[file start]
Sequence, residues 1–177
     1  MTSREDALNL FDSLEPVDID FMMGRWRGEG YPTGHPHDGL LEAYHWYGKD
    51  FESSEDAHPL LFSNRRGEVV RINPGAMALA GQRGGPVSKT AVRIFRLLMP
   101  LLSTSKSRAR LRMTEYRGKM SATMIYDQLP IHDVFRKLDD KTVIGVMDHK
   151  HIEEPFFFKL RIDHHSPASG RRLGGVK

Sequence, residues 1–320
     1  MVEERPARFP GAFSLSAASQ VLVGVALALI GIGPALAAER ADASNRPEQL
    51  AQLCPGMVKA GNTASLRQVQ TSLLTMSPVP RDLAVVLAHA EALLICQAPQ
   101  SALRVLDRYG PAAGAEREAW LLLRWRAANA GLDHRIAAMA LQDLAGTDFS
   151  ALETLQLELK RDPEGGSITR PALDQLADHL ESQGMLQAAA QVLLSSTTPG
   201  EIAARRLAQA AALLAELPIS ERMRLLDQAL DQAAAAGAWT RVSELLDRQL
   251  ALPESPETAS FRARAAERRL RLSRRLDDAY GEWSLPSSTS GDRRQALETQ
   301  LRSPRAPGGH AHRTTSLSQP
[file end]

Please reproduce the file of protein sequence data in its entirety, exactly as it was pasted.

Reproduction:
Sequence, residues 1–177
     1  MTSREDALNL FDSLEPVDID FMMGRWRGEG YPTGHPHDGL LEAYHWYGKD
    51  FESSEDAHPL LFSNRRGEVV RINPGAMALA GQRGGPVSKT AVRIFRLLMP
   101  LLSTSKSRAR LRMTEYRGKM SATMIYDQLP IHDVFRKLDD KTVIGVMDHK
   151  HIEEPFFFKL RIDHHSPASG RRLGGVK

Sequence, residues 1–320
     1  MVEERPARFP GAFSLSAASQ VLVGVALALI GIGPALAAER ADASNRPEQL
    51  AQLCPGMVKA GNTASLRQVQ TSLLTMSPVP RDLAVVLAHA EALLICQAPQ
   101  SALRVLDRYG PAAGAEREAW LLLRWRAANA GLDHRIAAMA LQDLAGTDFS
   151  ALETLQLELK RDPEGGSITR PALDQLADHL ESQGMLQAAA QVLLSSTTPG
   201  EIAARRLAQA AALLAELPIS ERMRLLDQAL DQAAAAGAWT RVSELLDRQL
   251  ALPESPETAS FRARAAERRL RLSRRLDDAY GEWSLPSSTS GDRRQALETQ
   301  LRSPRAPGGH AHRTTSLSQP